A report has stressed the need for an overhaul of Australia's TB strategy by showing that the incidences of multi-drug resistant tuberculosis (MDR-TB) are on the rise.
Based on a review of Victorian Health Department data, the report points out that 31 persons were diagnosed with MDR-TB, a mutant strain that is resistant to two of the most effective antibiotics used to treat TB, from 1998 to 2007.
It further reveals that most of the cases occurred in the final few years of the 10-year review window, with seven recorded in each of 2004, 2006 and 2007.
"Our study revealed that there was a clear increase in the number of patients diagnosed with MDR-TB," the Australian quoted Caroline Lavender, a scientist at the Victorian Infectious Diseases Reference Laboratory, as writing.
"New data available since the completion of our study reveal that the increase ... appears to have been sustained in 2008."
According to the review, the cases of MDR-TB have risen five-fold as a proportion of all TB notifications in Victoria.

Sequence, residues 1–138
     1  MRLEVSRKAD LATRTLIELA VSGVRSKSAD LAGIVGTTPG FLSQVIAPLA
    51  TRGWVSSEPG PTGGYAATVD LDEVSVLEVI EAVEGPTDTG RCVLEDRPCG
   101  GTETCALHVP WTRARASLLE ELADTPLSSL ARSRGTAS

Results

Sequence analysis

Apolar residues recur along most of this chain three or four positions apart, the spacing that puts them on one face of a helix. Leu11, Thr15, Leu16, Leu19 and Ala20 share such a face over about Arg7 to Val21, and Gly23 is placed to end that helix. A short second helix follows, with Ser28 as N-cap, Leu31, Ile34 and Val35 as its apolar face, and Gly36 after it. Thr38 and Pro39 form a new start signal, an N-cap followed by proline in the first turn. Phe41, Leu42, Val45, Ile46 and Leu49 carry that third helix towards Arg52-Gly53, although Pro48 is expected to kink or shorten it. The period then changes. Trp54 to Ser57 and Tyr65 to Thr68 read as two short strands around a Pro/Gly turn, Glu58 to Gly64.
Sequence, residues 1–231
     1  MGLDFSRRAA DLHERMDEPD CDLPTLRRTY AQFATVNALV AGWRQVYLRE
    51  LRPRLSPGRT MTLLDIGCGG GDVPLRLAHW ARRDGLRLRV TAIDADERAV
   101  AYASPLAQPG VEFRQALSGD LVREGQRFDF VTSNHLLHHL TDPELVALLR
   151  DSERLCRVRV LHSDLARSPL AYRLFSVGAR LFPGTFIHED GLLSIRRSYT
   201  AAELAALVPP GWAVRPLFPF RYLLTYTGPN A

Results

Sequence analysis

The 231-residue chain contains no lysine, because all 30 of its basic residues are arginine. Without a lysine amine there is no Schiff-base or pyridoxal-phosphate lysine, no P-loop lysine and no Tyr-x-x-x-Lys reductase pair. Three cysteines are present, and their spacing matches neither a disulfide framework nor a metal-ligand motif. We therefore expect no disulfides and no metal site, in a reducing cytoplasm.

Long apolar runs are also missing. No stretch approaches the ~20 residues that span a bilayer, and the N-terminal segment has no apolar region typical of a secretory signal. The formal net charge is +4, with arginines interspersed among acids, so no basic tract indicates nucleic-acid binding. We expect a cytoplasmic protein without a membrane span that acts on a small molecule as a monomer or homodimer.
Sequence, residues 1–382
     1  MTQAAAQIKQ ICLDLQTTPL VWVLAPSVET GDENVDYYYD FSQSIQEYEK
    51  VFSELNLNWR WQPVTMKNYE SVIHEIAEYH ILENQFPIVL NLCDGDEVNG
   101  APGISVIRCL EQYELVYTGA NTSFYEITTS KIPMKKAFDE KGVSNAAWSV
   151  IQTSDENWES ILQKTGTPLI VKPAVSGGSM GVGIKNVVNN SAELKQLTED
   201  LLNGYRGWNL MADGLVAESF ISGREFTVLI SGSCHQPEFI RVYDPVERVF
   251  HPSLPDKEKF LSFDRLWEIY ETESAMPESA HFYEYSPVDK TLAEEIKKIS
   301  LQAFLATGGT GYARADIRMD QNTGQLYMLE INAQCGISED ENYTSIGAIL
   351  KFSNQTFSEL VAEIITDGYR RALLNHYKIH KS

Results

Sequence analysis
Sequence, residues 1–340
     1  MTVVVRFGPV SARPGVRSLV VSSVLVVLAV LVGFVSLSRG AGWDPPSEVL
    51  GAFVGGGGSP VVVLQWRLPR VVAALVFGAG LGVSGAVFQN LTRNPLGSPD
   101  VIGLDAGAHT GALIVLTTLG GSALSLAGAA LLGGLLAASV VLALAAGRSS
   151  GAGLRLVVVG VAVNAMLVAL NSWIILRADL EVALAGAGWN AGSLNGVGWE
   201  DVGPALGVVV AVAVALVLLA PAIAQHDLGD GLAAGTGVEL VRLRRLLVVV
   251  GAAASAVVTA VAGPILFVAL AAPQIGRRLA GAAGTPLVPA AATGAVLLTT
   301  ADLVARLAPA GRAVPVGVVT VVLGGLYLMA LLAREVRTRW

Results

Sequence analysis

In a paper published in the Medical Journal of Australia, Lavender says that the upward trend has "significant implications for public health policy and planning".
MDR-TB is the result of improper use of these antibiotics during treatment of patients with ordinary TB.
People with the resistant strain must be put on alternate, and less effective, TB-fighting drugs that require specialist nurses and a longer hospital stay, treatment in a negative-pressure rooms and more lab tests.
About 29 out of 31 MDR-TB patients were born overseas, with almost two thirds coming from India, Vietnam or China.
Lavender says that new TB control strategies are needed, and the use of molecular tests should be increased for the rapid detection of drug resistance.
"Another measure that might prove useful is providing information to people at high risk of TB on arrival to Australia, so they know to seek medical attention early should they develop a persistent cough or other symptoms suggesting of TB," she said.